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  1. Diary
14 February 2024

Meeting Vladimir Putin

Also this week: The art of the political interview, and what’s next for the Telegraph takeover.

By Lionel Barber

Vladimir Putin is the master of destabilisation. The exasperated sigh, the smirk, the icy stare. Russia’s president uses every trick in the KGB manual to throw an interviewer off guard.

As the last Western journalist to interview Russia’s strongman, I was interested to see how Tucker Carlson would fare in his Kremlin encounter, which took place on 6 February. Putin floored poor Tucker in the first minute, chiding him for playing talk-show host rather than engaging in serious conversation. The coiffed former Fox News anchor never recovered.

He left unchallenged Putin’s one-sided history lesson (“Ukraine is an artificial state”, “Poland collaborated with the Nazis”). He failed to tackle Russia’s war crimes. He accepted at face value Putin’s litany of grievances and conspiracy theories. Carlson’s sole win was raising the detention of Evan Gershkovich, the Wall Street Journal’s Moscow correspondent being held on bogus espionage charges. Overall, I award him a C-minus grade: not good enough for someone with his eye on a run for US president after Donald Trump.

“Golden” opportunity missed

David Frost had a great tip for interviewers. Prepare to move beyond the chosen subject and accompany the interviewee into unfamiliar territory. “You never want to duck answering their answer,” said Frostie, a master of the genre.

Top of my list of missed openings in Moscow: Putin’s mysterious reference to “the Golden Billionaires”, a conspiracy theory that claims Western elites are intent on seizing control of the world’s natural resources. Such fantasies are far more interesting than fictional Russian peace overtures.

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End of the Piers show?

Interviewers are making news these days. Piers Morgan enticed a gullible Rishi Sunak into taking a £1,000 bet on his Rwanda refugee policy. Scalp secured, Morgan said he was abandoning Rupert Murdoch’s TalkTV, where his viewing audience is tiny, and moving full-time to YouTube, where he has 2.4 million subscribers.

Morgan had a three-year contract worth a reported £50m. Maybe he jumped before he was pushed. Now he’s adopting the same model as Tucker, who has his own streaming platform and a show on X.

How long is Murdoch committed to TalkTV? My bet is on industry-wide consolidation featuring upstart GB News. There’s a parallel with satellite broadcasting in the UK 30 years ago. On that occasion, however, Murdoch came out on top with BSkyB.

Bidders lost in the desert

The campaign to stop the sale of the Telegraph Media Group to the Abu Dhabi-backed consortium RedBird IMI is a Harvard Business School case study. Charles Moore, who has edited the group’s three main titles, neatly framed the argument: a Great British institution is under threat of nationalisation by a foreign country (the UAE) that does not enjoy press freedom.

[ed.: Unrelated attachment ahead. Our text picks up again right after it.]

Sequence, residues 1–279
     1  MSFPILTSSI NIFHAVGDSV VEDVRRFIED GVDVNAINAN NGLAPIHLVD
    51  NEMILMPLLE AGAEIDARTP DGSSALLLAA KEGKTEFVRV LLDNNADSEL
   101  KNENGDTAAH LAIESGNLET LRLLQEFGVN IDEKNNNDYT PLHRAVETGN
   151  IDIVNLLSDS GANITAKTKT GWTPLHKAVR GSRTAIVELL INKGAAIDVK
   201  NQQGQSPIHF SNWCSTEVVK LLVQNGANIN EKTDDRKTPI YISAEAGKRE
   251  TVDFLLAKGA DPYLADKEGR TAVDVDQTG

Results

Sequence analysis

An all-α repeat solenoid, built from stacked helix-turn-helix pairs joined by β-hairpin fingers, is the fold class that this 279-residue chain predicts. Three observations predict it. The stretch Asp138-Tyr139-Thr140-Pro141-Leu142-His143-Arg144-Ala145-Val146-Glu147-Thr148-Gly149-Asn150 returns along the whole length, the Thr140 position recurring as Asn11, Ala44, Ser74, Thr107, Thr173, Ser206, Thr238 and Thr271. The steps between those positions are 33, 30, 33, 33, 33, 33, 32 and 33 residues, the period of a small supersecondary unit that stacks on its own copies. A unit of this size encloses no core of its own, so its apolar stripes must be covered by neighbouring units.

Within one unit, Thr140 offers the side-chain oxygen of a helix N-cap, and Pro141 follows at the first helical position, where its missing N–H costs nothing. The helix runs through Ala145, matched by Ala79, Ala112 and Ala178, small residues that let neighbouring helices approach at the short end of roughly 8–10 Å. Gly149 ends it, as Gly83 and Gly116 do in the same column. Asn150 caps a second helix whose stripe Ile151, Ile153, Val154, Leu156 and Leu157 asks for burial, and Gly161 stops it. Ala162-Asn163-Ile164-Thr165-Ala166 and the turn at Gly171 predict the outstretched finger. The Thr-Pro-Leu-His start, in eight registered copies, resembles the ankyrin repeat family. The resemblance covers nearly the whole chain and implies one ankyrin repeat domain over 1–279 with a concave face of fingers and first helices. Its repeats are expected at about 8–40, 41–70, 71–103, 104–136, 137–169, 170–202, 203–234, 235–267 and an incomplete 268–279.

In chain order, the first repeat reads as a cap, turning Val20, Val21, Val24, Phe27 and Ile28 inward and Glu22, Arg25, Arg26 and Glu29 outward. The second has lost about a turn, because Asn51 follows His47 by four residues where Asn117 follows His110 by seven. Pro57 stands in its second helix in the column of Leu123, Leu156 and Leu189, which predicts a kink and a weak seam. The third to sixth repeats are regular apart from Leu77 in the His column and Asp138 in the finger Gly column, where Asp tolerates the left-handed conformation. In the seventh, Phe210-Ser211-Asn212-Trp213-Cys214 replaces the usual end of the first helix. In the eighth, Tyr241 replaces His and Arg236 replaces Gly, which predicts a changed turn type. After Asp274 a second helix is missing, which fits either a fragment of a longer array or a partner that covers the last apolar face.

The ferocity of the opposition has taken Wall Street boutique bank RedBird and its front man, the ex-CNN head Jeff Zucker, by surprise. They face months of scrutiny from competition regulators, at the fag end of a Conservative government. RedBird IMI says it aims to create a global conservative brand, a mirror image of the liberal Guardian’s digital strategy. It will invest heavily. Zucker insists he will respect editorial independence. He’s ready to appoint an oversight board headed by a respectable Tory (William Hague was top of the wish list but then came out against the bid in his Times column).

As a last resort, the Arabs might be willing to sell down their majority stake or convert it into non-voting stock. I doubt that will pass muster. Everyone knows owning the Telegraph has little to do with economics; it’s all about respectability and a hotline to the government.

If the government blocks the bid, RedBird IMI will have to relinquish control and make a distressed sale. Up to £600m could be at risk, assuming the titles fetch £600m. That’s chump change in Abu Dhabi, but the loss of face will come at a far steeper cost.

The smart money

Who will emerge as the Telegraph owner? Will Lewis, the ex-Daily Telegraph editor, failed to persuade Jeff Bezos to enter the auction. The Daily Mail faces competition obstacles. My money is on Paul Marshall, the co-owner of GB News and a coming force in conservative media.

Despite its flagrant disregard for due impartiality, GB News has been treated with kid gloves by Ofcom, the media regulator. It features elected politicians such as Jacob Rees-Mogg acting as TV hosts. On 12 February a special guest appeared in the pin-striped fogey’s slot, answering voters’ questions in a “People’s Forum”.

You guessed it: Rishi Sunak.

Lionel Barber was the editor of the Financial Times from 2005 to 2020

[See also: There were no winners in Tucker Carlson’s Putin interview]

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This article appears in the 14 Feb 2024 issue of the New Statesman, Trouble in Toryland